“It was a fantastic experience,” she said. “In six days, we treated 767 dogs, cats, pigs, cattle, and horses. I was given the freedom to do the physical exams myself, listening to heart and lung sounds and palpating lymph nodes. I successfully took a fine needle aspirate of an abnormal mass on a dog and diagnosed a mast cell tumor with the help of a veterinarian. I then followed the dog to surgery, placed his catheter, medicated, intubated, and monitored him throughout the mass removal surgery. I even got to perform an equine dental, grinding down the horse’s teeth with a power float [a power drill affixed with a dental tool].”
Karianna glows when she reflects back on her four years at Oregon State.
“I grew up in Santa Cruz, California, where the weather is basically the same all year round. But in Corvallis—there are seasons! They are so beautiful. I never grew tired of watching the seasons change.”
Karianna chose OSU because she liked the idea of being part of a smaller community, the Honors College, within the context of a large university. She was also drawn to the “unbeatable” research opportunities offered to undergraduates. Even so, she was still surprised at how easy it was to get involved at Oregon State. “At such a big university, I wasn’t sure I’d be more than just another face on campus. But here I’ve gotten involved in so much, including leadership roles. Professors know my name!”
Karianna is extremely grateful to those who helped support her education by contributing to the nine scholarships she received, the largest of which was the four-year Oregon State University Provost Scholarship. She also received two OSU Honors College scholarships: the Experiential Learning Scholarship and the Joe Hendricks scholarship. The College of Science granted Karianna three scholarships: the Ray and Frances Cripps Scholarship, the Rose Hills Foundation Scholarship and the Merrill Family Foundation Scholarship. Outside of Oregon State, Marianna also received three scholarships: the Benjamin A. Gilman International Scholarship, the Louis J. and Mary Ellen Schultz Scholarship, and the Bay Federal Education Scholarship.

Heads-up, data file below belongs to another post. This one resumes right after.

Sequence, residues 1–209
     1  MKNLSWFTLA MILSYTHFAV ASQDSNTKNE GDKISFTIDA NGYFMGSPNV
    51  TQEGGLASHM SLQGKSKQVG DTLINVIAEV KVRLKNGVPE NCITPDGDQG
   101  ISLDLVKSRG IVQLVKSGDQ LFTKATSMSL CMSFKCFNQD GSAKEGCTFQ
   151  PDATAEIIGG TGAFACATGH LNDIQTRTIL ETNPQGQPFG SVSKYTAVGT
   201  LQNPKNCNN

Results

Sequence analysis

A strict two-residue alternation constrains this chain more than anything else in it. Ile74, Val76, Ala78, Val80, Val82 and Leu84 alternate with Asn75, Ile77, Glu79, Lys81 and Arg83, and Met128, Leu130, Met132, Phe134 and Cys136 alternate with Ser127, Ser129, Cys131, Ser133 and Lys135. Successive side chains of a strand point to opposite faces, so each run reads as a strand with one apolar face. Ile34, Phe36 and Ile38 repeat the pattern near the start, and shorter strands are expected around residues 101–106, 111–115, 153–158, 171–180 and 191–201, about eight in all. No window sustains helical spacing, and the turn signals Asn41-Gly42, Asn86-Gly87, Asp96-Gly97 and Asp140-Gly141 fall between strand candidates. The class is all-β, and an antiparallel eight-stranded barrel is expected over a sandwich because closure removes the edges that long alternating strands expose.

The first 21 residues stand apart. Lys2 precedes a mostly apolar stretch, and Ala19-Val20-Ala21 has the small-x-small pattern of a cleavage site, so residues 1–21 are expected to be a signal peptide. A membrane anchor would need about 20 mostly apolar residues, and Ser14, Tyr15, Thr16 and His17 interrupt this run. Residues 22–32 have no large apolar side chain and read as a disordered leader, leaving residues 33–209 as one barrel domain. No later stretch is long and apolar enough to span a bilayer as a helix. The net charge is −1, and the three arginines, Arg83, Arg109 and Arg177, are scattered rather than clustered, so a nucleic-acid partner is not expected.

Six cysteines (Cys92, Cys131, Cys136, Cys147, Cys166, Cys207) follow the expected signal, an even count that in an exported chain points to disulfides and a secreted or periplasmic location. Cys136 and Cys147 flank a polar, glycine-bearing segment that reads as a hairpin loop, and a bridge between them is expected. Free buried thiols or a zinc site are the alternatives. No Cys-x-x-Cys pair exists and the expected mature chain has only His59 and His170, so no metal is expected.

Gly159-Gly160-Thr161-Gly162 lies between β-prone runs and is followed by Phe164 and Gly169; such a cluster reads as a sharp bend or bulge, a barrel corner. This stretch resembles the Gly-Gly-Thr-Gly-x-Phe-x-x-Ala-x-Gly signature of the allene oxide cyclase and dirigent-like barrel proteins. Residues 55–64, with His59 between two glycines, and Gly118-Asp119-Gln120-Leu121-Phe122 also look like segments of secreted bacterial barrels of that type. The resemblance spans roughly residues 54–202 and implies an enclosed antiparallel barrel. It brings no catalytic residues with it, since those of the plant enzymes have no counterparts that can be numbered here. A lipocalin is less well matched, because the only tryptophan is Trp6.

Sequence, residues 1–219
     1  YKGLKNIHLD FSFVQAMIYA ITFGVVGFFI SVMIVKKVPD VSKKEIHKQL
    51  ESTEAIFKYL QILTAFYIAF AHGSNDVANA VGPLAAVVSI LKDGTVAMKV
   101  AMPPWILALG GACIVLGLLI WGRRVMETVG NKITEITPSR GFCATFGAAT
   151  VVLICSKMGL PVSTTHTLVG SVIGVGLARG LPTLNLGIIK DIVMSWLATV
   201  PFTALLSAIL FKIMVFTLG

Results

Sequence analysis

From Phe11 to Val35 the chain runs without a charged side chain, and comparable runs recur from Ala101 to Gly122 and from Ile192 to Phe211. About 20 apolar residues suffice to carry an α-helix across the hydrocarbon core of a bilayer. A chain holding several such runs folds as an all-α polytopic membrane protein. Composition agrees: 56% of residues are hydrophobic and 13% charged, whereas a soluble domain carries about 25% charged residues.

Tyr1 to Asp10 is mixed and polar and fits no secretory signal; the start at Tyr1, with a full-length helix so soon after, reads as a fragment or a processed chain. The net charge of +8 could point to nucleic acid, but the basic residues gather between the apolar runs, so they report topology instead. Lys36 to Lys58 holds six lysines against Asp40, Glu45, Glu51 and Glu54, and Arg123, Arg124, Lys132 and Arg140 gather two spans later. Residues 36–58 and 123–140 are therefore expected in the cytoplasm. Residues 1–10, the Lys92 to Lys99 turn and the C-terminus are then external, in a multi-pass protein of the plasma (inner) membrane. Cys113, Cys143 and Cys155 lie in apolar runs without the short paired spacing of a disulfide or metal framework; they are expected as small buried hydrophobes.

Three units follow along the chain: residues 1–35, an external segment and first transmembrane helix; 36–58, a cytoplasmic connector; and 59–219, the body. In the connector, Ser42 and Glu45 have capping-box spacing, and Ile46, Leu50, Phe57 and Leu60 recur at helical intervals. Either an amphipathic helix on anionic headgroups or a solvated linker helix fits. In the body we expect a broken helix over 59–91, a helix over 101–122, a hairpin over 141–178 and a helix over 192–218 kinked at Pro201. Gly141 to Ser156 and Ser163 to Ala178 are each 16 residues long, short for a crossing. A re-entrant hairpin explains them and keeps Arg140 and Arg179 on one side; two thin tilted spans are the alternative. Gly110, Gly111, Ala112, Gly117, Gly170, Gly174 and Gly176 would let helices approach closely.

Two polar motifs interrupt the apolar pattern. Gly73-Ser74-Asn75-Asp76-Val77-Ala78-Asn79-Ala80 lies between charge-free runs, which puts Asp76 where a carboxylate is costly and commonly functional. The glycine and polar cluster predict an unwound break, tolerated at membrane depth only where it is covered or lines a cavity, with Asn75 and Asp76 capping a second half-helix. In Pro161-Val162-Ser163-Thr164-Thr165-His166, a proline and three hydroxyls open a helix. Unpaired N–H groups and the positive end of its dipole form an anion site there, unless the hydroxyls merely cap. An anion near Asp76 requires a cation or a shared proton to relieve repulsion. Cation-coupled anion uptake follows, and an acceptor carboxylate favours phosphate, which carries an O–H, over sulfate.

Karianana reflects on her experience as an Honors College science student, which offered her a strong sense of community right from the start. It was where she met many of her good friends – in the Honors College residence hall freshman year. As a member of the Honors College’s Pre-Veterinary Scholars Program, Karianna was paired with mentor Karyn Bird, who helped get her a job in the bacteriology section of OSU’s Veterinary Diagnostics Laboratory. For three years, Karianna handled many specimens, streaking plates, testing for antibiotic resistance and processing countless fecal, urine and blood tests. “It gave me a great perspective on what really goes on when a clinic sends off’ samples – now I know how the testing is done.”
In addition to all of these hands-on experiences, Karianna has also held leadership roles as an Honors College Activities and Trip Coordinator, co-President of the Pre-Vet Scholars Club and President of the student Integrative Biology Club. She has volunteered even more off campus at the Boys and Girls Club of Corvallis, as a kindergarten basketball coach, and as a Tim Tebow special needs prom “buddy.”
Headed to Cornell University College of Veterinary Medicine in August to pursue a Doctorate of Veterinary Medicine, Karianna will continue to pursue her dream of being a small animal veterinarian. She embraces the future with her trademark optimism and enthusiasm, and enough hands-on experience to practically start her own clinic right now. May there be many fuzzy feet and wet noses in her future.